A company with the descriptive name of ChargeMaster has flipped switches on 150 new electric car charging stations, with plans to get another 300 online every month until some 4000 are dotted about the country by the end of 2012.
This beauty is the winner of a pylon design contest run by the UK government and the Royal Institute of British Architects. Sadly, the amazing pylon of the future almost certainly won't be put into production.
UK magazine, sweeties and celebrity autobiography retailer WH Smith has signed a deal with Canadian e-reader company Kobo, which will see the high street chain selling its e-reader over here, complete with access to "2.2m titles".
News from the Australian front in the Apple/Samsung war has arrived, and it's bad for Samsung -- its Galaxy Tab 10.1 has been banned from sale in Oz, thanks to a judge putting an interim injunction in place. [BBC]
Sony has just announced an amazing global product repair scheme, revealing a plan to check a staggering 1.6 million BRAVIA models it's sold over the past four years. Damaged components mean certain BRAVIAs "may overheat and at times ignite".
IPC Media has gutted a load of old copies of Uncut magazine, cobbled them together with YouTube clips and album reviews, to create David Bowie: The Ultimate Music Guide for iPad. It contains six hundred pages. [iTunes via Apps Rush]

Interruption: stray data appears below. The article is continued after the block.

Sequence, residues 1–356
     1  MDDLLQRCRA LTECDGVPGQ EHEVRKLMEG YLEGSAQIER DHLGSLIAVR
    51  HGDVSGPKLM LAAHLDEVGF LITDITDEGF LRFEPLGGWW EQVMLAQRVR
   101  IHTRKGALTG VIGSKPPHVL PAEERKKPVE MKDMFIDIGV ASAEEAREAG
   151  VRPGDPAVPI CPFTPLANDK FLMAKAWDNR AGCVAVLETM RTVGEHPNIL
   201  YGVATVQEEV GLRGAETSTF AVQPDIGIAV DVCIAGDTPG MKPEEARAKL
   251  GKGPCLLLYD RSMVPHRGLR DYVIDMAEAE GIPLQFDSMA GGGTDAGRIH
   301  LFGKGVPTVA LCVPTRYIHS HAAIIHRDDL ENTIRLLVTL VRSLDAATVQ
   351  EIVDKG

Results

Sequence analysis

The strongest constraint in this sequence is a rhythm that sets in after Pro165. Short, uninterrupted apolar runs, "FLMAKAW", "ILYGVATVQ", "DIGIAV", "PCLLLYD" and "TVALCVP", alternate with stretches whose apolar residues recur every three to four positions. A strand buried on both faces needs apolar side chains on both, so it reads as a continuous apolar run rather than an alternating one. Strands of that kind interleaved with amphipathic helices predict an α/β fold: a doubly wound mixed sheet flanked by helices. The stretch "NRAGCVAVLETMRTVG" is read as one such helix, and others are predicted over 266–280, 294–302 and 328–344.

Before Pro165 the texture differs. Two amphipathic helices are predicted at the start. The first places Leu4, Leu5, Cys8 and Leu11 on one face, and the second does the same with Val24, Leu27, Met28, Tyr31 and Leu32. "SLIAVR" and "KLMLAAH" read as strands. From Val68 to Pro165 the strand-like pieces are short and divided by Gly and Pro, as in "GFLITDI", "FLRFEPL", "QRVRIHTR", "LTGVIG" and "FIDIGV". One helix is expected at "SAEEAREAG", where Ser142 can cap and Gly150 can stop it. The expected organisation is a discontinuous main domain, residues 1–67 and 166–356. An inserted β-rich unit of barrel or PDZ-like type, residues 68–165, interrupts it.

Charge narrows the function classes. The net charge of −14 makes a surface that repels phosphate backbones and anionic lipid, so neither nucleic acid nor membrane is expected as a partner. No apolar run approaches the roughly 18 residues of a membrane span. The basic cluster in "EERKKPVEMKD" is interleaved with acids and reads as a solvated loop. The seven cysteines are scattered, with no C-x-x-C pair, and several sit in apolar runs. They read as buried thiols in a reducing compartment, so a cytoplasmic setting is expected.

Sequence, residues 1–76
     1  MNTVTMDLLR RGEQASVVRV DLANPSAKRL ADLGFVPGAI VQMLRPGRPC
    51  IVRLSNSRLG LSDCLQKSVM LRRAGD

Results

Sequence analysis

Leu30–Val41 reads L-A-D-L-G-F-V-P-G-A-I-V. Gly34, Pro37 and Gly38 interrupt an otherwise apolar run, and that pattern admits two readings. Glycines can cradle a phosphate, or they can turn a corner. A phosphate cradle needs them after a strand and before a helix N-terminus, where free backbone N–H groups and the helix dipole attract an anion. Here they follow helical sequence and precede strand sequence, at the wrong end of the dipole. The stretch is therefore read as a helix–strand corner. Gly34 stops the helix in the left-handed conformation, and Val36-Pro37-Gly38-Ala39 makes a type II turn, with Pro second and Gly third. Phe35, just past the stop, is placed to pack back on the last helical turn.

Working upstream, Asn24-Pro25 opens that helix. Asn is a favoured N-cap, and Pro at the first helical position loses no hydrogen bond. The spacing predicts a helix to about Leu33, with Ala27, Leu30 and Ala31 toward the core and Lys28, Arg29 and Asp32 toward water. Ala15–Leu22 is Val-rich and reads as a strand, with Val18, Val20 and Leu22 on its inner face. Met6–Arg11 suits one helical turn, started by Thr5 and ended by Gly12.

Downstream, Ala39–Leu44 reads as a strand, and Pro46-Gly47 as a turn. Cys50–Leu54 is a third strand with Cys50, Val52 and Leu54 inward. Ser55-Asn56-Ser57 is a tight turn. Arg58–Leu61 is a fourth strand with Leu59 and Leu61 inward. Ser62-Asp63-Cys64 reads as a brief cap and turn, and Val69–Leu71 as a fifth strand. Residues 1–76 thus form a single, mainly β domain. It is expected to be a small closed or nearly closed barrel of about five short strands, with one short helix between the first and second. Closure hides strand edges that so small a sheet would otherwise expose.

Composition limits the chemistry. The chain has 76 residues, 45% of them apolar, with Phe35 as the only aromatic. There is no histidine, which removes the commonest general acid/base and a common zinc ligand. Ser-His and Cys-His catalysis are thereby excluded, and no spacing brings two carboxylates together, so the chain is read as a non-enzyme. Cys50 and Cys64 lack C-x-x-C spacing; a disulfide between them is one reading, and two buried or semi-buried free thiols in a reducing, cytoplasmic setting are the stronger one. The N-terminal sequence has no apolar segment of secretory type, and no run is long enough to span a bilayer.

BlackBerry maker RIM has released a statement on the ongoing BlackBerry Messenger service failures, saying that pretty much everything broke at once. And there's now a big backlog of sexy texts to process.
A member of London's 2012 Olympic committee has claimed the event's web site will be "very hard" to hack, with DDoS attacks unlikely to succeed. Which sounds like Organised Hacking has just made it in as an Olympic event. [MacWorld]
UK supermarket Sainsbury's has emerged as the unlikely buyer of Global Media Vault, which it describes as a "white label online digital entertainment business". Streaming Sainsbury's video on the way soon, then.